Feb 12, 2017

When it comes to the team's physical well-being, the Utica Comets have that covered.

Prepared to address virtually any potential injury, the players have an army of health care professionals at their ready – primary care, orthopedic, dental and chiropractic.

Dr. Russell Williams DC is amongst the sports medicine team administering their skills to help keep players in the line-up.

Q: What brought you to being involved in treating the Comets?

A: I have prior experience in treating pro athletes. I (along with Dr. Thomas LaFountain) work with the PGA Tour and travel a bit during their season. The guys (Comets players) like what I'm doing. This is my third season working with the team, as there was no DC on staff for the first season.

Q: When do you treat players?

A: I'm a season ticket holder, but on game day, all the team docs are working. We are always watching the guys. If a player is dinged up in-between periods, it's not uncommon that I would work on him.

Q: Is there a regular schedule to when you treat the team?

A: On Tuesdays I come down to The AUD for a couple hours after practice.  Usually, I could see 10-15 guys with some cases acute and some more chronic.

Q: When you're watching a Comets game how do you separate from being a fan to being a healthcare practitioner?

A: My wife and kids are usually with me at the games, so that helps. In-between periods, the medical team will go downstairs and address any issues. We all sit in the same area. When we see a violent hit in a corner, they always seem to happen there, I know that I may be treating them.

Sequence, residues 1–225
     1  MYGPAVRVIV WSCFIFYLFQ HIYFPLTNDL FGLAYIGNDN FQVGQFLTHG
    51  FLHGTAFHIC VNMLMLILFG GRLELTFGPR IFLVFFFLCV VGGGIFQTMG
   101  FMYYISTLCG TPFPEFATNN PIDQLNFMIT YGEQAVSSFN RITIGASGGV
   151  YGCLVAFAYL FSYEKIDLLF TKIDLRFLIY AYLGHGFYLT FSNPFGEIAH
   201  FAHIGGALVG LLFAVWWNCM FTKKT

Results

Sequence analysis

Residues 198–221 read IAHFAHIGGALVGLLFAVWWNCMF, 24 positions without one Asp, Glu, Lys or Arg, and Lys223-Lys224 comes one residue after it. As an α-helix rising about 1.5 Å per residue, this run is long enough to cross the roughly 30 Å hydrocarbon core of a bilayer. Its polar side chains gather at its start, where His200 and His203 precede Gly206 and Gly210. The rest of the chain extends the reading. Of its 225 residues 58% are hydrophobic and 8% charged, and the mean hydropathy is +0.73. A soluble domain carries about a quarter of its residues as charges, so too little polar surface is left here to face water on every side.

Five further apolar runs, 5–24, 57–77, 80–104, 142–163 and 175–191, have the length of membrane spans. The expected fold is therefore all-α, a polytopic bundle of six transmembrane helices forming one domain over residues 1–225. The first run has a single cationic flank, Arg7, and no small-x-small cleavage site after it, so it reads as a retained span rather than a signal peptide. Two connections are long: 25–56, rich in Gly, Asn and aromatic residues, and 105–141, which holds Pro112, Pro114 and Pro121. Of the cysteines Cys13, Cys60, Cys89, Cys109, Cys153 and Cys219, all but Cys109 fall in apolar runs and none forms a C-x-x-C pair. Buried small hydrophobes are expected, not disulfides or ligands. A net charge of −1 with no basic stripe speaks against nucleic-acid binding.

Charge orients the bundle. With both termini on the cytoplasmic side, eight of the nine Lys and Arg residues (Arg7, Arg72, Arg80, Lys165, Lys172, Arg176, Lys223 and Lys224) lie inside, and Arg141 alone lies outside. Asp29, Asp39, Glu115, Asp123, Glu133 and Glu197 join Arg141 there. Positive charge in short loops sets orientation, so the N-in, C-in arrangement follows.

Q: Your thoughts on treating hockey players, as opposed to golfers?

A: I've learned more in the past three-and-a-half years (about hockey), than the previous 35. Hockey, by and large is a traumatic sport. The players are banged around repetitively, unlike golf. Hockey players have more nicks and dings, more occurrences, than I see on the Tour.

Q: How do you know what players need your service?

A: There's a white board in the trainer's room. When the guys arrive for practice (at The AUD), they go in and sign up. 90% of the Comets treatments are done there in the training room. If any of the guys’ injuries would require seeing me more than once a week, they would come to my office. That typically happens for one or two guys per season.

Q: After treating a player, how soon could they expect relief?

A: Results are ideally immediate. The quicker you get after an injury, the quicker the results.

Q: How busy are you at a Comets' home game?

A: Some very, some not at all. Really depends on the night.

Q: Where does the information on the player you treat go?

A: I field it through Toby (Comets' Athletic Trainer Toby Blosser). It then filters up to Vancouver through him.

Q: What type of compliments do you receive from the players?

A: Everybody is always appreciative. I want to keep them going. They (Comets) are happy with the work I do.

Q: Who else do you work with on the Comets' staff?

A: Toby and Ken Hetzel (Strength and Conditioning Coach). We would go over various exercises, if a guy is injured. We’ll run it by Ken; what muscle groups focus on or to stay away from while a player is rehabbing.

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